The electric shock is strong enough to deter even the most stubborn animals (think goats) from trying to roam free while not strong enough to cause any serious harm. It also is a good way to teach the possums and foxes to leave your chickens alone.
One great way to use your electronet fencing is to fence around a series of garden beds that have already been harvested. Releasing a flock of chickens onto these finished garden beds is an efficient way to get rid of excess produce and plant waste. The chickens will also scratch up your beds and fertilize them leaving them ready for you to plant the next crop. The same technique can be used to “mow under” cover crops. If, for example, you have planted a cover crop of alfalfa or buckwheat on a piece of land that needed excess nutrition, chickens, sheep or other small animals caged in by electronet fencing can forage over that piece of land, effectively mowing under your cover crop and preparing the land for the next crop.
While many people believe that the forestry and grazing animals don´t go together, silvopasture is an agroforestry technique that combines livestock with forests. Cows originated in a savannah ecosystem which was often dotted with significant amounts of trees and small forests. Trees offer cattle or other livestock a protection from the wind, the sun, and other elements.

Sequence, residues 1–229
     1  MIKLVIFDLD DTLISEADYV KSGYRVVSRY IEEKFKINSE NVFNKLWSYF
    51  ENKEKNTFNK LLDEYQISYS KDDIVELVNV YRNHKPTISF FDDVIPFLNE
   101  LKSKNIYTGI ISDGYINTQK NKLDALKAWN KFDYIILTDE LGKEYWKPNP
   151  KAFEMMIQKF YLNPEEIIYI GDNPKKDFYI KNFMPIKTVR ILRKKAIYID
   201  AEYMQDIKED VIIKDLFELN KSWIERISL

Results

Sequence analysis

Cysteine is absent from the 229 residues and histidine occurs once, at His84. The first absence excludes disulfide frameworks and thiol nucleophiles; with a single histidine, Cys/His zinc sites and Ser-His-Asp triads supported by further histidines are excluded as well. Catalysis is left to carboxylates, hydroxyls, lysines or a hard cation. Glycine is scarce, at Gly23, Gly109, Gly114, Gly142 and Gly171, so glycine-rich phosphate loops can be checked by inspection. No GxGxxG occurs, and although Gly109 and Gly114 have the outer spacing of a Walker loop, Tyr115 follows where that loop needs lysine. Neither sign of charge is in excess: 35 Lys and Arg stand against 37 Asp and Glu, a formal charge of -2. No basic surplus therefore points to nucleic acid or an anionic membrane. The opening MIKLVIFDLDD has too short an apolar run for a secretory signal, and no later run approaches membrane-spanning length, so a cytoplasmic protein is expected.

Planting fast growing leguminous trees such as alder, black locust or others throughout your pasture is a way to get double production from one piece of land. You could plant trees for firewood or even certain fruit and nut tree species as well. If you are planning to raise goats, you will need to protect those trees from their foraging habits with some sort of fencing or other option.
Silvopasture is an important technique for anyone raising animals on pasture. It helps to offset the carbon footprint that livestock has on the planet through the emission of methane gas. It also offers you another product from the same piece of land while not affecting the quality of pasture.
The Purpose of Sheep and Goats to the Small Mayan Farmer
From a western perspective, the main goal of raising animals is for meat production. However, for thousands of small farmers in the Mayan Highlands of Guatemala, sheep, and goats are raised on communal pastureland not so much for their meat, but for their manure. The Mayan people are the people of the corn and their entire diet has been built around the cultivation of corn. Corn, however, is an extremely nutrient heavy crop that pulls large amounts of nutrients from the land. Without a way to return those nutrients to the land, repeated corn harvests would quickly deplete the soil of its natural fertility.
Mayan farmers, then, have developed a goat and sheep raising technique that takes advantage of the abundant communal pasture lands that they collectively manage. Every night, children gather up the herds and corral them into raised pens. The floors of these raised pens are made from thin wood boards that are slightly separated allowing the sheep and goat manure and urine to pass through the floor and into a tank that is built below the pen.
Worms are then introduced into the continually growing pile of sheep and goat excrement to help speed up decomposition and add extra nutrition through worm castings. After the corn harvest, this abundant supply of fertility is then spread over the land to replenish the fertility that the corn took from the land.